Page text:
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Danforth Center, Valent Partner on Underground Plant Imaging

Roots and soil microbes

Roots with soil microbes (Stephen Temple, New Mexico State University, USDA)

13 July 2016. A plant science center and crop science company are developing a large-scale X-ray imaging system to measure root development in plants. Financial aspects of the agreement between Donald Danforth Plant Science Center in St. Louis and Valent Biosciences in Libertyville, Illinois were not disclosed.

The Danforth Center is a not-for-profit institute studying plant science. In June, researcher Chris Topp received a 4-year, $1.43 million grant from National Science Foundation to study root systems of maize — the formal name for corn — including development of advanced imaging technologies to better track root system development. The new agreement with Valent BioSciences, a subsidiary of Sumitomo Chemical Company in Tokyo, supplements the NSF award.

Topp’s lab studies root growth dynamics, especially the response to environmental stresses like drought and competition underground for nutrients. Its work includes development of better technologies to measure and document root system architecture, including computational biology and quantitative genetics, as well as advanced imaging technologies: X-rays, optical, and CT and PET scanning.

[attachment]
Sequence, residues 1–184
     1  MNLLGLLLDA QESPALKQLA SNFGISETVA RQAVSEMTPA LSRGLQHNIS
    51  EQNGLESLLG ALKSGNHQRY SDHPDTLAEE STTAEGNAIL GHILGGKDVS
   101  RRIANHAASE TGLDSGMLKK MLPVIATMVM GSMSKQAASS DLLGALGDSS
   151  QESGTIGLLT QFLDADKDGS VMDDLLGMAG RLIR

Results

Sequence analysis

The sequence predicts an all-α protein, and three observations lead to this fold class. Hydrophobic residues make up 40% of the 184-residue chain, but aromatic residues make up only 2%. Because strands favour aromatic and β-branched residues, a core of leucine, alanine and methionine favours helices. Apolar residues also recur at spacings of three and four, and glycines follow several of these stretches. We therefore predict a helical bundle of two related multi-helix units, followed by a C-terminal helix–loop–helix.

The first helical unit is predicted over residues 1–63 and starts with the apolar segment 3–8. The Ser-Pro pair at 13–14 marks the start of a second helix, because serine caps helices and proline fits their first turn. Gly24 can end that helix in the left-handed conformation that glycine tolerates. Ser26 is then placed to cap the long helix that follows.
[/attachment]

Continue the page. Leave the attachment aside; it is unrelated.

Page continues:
Valent BioSciences specializes in biorational products, defined as structurally similar and functionally identical to a biologically occurring substances, whether biologically derived or synthetic. Among its products are those addressing the rhizosphere, the biochemical interactions between roots and soil. In 2015, the company acquired Mycorrhizal Applications Inc., a producer of fungal spores to improve soil health and increase plants’ nutrient and water uptake.

The NSF award calls for Topp and colleagues to investigate root systems of maize, called the “hidden half” of plants, where water and nutrients are acquired. Root systems of maize are considered superior in acquiring nitrogen, and the project proposes applying technologies from medicine and industry, including X-ray and optical imaging, to document and measure the root architecture of maize.

In their joint project, Valent and the Danforth Center are expected to develop a large-scale X-ray imaging system for non-invasive root measurements, which the partners say will be the first system of its kind dedicated to academic plant science. Up to now, plant scientists had to take plants out of the ground to observe root systems.

In addition to the imaging project, Valent and the Danforth Center are collaborating in SyMyco Inc., a joint venture to improve and restore natural fungi that improve root system performance.

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